It’s a clever mechanic that adds a touch of depth and strategy to the gameplay, plus also adds an immersive quality as the fate of your fellow pilots is highlighted at the end of each mission. Pilots killed or survived is given within a summary; bringing a sense of belonging or camaraderie within your squadron as you progress through the campaign. The presentational values of this game also build on from Secret Wars, with a much more pleasing aesthetical look and palette to the surroundings. Clouds, sea and land-based locations are nicely rendered, while the aircraft models are nicely detailed and accurate in the representations.

As well as the extensive campaign options within the game, you can also partake in a series of customisable dogfights and take to the skies over a series of online multiplayer battle and skirmishes. These follow along the same template as the original title. However, some of the objective-based games within the online elements revolve around the carriers of the main campaign. Sadly, I encountered the same problems as Secret Wars within this element of the game and failed to find any active lobbies in which to try out these modes, despite reviewing this title a couple of weeks since its release. With luck, this is something that will change over time.

Overall, Air Conflicts: Pacific Carriers provides a very satisfying experience within the genre of aerial combat games. It builds on the first release within its series, yet still retains everything that made the first game so good. With an added layer of depth and playability, this is the more enjoyable game of the two. Satisfying flying mechanics, detailed modelling and a pleasing aesthetic all build to produce what is easily one of the best offerings of combat flight simulation on the Nintendo Switch. A lengthy campaign will ensure many hours of playability and as long as the lobbies become more populated, can offer a game that will last over the long-term. If you’re a die-hard combat enthusiast, especially one with an interest in World War Two aircraft, then both of the games within series come very highly recommended. However, if you only have the option of being able to choose one, then Pacific Carrier is where it’s at.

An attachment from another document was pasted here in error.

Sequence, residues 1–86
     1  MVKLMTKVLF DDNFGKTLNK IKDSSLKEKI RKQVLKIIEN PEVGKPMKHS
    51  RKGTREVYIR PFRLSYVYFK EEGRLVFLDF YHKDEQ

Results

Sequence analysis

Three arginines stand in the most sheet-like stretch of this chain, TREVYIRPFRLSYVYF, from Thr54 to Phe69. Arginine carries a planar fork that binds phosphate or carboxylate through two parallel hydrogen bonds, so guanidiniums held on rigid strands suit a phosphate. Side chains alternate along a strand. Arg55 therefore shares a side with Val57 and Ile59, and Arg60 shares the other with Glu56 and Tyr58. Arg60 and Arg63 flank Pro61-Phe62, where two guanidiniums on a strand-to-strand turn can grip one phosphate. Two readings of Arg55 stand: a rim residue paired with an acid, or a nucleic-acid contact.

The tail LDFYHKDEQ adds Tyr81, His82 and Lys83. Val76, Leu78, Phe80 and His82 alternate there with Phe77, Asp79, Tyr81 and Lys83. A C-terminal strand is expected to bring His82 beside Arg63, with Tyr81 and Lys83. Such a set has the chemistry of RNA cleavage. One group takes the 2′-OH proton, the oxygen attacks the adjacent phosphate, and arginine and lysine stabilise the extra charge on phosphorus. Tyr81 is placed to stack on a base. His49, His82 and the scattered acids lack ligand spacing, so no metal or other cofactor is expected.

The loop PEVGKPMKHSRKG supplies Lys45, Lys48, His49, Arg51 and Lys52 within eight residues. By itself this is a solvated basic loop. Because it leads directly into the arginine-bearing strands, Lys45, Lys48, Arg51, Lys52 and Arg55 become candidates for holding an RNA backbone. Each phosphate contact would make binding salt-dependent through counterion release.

REVIEW CODE: A complimentary Nintendo Switch code was provided to Bonus Stage for this review. Please send all review code enquiries to editor@bonusstage.co.uk.

Air Conflicts: Pacific Carriers Review
  • 8/10
    Gameplay - 8/10
  • 8/10
    Graphics - 8/10
  • 8/10
    Sound - 8/10
  • 8/10
    Replay Value - 8/10
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User Review
0/10 (0 votes)
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Comments Rating 0/10 (0 reviews)
Overall
8/10

Summary

An aerial combat game that soars with its presentation, mechanics and gameplay.